Boxing SA plan steps to clean up the sport
Boxing SA (BSA) on Thursday announced extensive steps to rejuvenate boxing following the mandate from Sports Minister Fikile Mbalula after an urgent indaba in August.
Released by newly appointed chief executive Moffat Qithi, the six-point programme planned by BSA seeks to: — Normalise boxing as a sporting entity in South Africa.
— Put into place a regulatory framework at the head of boxing’s various subsidiary bodies.
— Create an organised environment for South African boxing’s various stakeholders.
— Set up an appropriate structural arrangement for Boxing in South Africa.
— Ensure South African boxing must embrace a truly professional image.
— Cultivate an image of zeal, passion and enthusiasm for South African boxing.
Qithi said BSA would only fill the role of a pinnacle regulator.
The different segments of the sport like those representing the boxers, managers, trainers, promoters and other officials would form their own separate bodies and be linked on a federation basis to ensure continuity and conformity.
“You can’t be the referee and a boxer,” he said.
“BSA will be there to see the rules are followed fairly, not to service any selfish means and objectives.
“The objectives and aspirations of the boxers, their managers, trainers, sparring partners and all other allied associates will operate on a fair, equitable and palatable basis in this way.”
Qithi said boxers in the past had been victimised by promoters who made off with the lion’s share of the proceedings leaving boxers themselves with “peanuts” after meeting all their incidental expenses.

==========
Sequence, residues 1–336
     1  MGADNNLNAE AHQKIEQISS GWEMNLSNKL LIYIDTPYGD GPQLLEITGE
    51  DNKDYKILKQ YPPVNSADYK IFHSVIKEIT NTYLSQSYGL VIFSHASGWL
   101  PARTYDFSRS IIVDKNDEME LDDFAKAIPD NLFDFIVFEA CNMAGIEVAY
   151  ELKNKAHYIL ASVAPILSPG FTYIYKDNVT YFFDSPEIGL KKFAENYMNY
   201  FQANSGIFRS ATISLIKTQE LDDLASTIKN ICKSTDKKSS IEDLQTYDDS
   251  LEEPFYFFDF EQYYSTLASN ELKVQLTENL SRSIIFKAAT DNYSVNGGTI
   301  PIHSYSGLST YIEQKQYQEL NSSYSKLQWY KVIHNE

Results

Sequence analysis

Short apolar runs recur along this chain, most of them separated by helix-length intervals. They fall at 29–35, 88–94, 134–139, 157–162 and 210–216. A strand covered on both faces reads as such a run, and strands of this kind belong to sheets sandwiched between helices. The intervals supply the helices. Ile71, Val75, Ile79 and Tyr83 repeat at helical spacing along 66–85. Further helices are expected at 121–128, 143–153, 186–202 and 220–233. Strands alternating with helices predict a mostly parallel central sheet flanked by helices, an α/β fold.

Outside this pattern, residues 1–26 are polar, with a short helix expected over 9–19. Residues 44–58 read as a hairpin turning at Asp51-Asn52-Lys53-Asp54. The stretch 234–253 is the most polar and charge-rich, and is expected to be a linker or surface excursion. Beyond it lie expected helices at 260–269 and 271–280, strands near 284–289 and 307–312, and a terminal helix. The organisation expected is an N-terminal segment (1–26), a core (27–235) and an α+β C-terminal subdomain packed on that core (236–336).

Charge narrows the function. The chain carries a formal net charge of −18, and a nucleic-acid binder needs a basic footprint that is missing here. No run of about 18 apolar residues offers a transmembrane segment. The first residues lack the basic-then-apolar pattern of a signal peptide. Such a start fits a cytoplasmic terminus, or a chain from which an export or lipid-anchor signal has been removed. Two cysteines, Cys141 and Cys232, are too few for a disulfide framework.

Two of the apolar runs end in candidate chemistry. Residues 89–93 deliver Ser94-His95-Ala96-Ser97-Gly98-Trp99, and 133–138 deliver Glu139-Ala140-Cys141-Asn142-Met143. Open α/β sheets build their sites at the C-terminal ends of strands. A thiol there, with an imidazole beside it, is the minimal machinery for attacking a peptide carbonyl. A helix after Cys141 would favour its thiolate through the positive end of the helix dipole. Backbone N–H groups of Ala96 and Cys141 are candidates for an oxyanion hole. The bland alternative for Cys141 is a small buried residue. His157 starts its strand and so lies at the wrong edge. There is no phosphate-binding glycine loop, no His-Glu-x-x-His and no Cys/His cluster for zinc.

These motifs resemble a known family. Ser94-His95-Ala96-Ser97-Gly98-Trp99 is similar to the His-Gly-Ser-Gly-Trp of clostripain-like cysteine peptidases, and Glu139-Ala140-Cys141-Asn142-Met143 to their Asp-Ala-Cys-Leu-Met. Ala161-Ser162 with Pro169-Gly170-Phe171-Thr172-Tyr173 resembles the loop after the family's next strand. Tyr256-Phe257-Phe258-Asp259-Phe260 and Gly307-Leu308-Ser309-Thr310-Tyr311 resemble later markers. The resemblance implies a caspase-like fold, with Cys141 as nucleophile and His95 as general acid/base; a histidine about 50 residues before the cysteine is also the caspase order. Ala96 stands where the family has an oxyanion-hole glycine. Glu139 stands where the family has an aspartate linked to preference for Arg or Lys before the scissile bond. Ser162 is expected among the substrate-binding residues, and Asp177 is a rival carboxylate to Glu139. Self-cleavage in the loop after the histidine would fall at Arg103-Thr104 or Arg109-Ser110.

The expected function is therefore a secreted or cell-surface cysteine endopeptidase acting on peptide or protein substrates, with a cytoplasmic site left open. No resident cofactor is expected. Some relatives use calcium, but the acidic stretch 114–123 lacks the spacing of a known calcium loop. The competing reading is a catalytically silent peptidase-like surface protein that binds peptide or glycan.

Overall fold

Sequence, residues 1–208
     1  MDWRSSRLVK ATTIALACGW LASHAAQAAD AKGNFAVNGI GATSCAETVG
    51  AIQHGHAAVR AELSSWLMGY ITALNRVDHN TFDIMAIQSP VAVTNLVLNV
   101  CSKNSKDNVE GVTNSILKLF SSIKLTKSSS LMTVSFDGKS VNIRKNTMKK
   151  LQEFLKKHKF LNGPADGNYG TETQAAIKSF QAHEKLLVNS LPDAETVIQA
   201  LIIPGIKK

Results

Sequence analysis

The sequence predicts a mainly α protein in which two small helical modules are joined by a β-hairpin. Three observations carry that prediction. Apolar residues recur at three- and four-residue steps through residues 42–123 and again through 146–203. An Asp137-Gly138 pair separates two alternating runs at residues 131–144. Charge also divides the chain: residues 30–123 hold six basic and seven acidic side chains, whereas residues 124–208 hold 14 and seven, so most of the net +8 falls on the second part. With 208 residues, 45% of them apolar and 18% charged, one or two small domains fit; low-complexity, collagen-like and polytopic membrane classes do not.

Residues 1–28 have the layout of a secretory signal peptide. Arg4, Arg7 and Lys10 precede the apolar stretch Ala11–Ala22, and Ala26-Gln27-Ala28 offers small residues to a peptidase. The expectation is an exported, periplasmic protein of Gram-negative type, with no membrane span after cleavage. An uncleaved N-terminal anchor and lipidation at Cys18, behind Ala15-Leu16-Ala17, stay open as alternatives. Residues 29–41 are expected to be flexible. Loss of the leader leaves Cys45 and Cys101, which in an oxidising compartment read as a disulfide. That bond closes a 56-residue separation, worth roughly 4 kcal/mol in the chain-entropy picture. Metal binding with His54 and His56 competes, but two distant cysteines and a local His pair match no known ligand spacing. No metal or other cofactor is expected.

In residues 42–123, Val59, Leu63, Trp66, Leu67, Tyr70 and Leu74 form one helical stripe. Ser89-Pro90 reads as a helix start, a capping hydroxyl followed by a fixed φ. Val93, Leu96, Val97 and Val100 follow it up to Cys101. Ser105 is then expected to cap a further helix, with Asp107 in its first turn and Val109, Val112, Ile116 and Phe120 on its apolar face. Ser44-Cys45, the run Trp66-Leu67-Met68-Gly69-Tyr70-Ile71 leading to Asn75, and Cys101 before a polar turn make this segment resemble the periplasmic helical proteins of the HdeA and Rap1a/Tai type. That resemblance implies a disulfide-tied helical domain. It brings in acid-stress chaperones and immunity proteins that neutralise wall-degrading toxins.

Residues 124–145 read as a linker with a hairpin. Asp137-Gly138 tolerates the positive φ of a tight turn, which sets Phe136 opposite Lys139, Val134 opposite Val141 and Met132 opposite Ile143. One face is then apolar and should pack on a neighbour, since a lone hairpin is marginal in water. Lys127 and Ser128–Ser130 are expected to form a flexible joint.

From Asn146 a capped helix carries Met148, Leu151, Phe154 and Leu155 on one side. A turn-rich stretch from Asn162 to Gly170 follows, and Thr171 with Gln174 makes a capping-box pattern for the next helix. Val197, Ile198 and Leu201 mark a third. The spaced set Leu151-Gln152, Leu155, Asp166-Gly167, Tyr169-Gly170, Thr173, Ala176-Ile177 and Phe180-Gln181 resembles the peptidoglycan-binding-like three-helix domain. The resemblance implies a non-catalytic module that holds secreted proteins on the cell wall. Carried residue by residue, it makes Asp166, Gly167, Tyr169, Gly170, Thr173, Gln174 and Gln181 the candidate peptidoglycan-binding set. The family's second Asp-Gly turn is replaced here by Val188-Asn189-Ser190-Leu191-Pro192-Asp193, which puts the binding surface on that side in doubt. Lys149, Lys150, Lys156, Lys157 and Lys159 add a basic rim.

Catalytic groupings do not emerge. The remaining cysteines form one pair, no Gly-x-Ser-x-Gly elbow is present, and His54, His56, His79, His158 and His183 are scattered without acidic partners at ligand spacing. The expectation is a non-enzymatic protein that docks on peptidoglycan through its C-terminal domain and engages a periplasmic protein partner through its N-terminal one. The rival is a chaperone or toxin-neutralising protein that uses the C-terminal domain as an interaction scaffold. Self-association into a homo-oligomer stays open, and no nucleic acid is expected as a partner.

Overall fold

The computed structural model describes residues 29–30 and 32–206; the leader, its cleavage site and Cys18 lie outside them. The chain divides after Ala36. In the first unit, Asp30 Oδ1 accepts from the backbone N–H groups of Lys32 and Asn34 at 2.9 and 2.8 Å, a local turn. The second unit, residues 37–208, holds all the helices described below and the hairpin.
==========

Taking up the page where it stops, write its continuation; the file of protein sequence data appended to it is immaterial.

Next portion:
“We’ll make sure the proceeds are shared fair and square, even if this does not make us popular with some of the promoters,” said Qithi.
“Acts of parliament will empower us to do this and we will act accordingly.”
Qithi also confirmed the controversial issue of delayed non-payments to the Receiver of Revenue (Sars).
BSA had now resolved the issue with the help of a government grant -paying the initial outstanding amount in the region of R4 million, while negotiating for Sars to waive what would have been a further R3 million in penalties.
Qithi said at the first BSA meeting this month that all board and staff members would sign forms declaring their intent and ensuring transparency at all times.
BSA also endorsed the financial status of the organisation as presented by Qithi with management, finance, sanctions, and independent rating and disciplinary committees in the process of being established.
The board is also advertising to secure an audit committee to ensure financial parity, as well as a financial manager as significantly, BSA resolved to “tighten the norms and standards for all licensees — in line with a code of conduct and laws that are stipulated through Acts of Parliament.”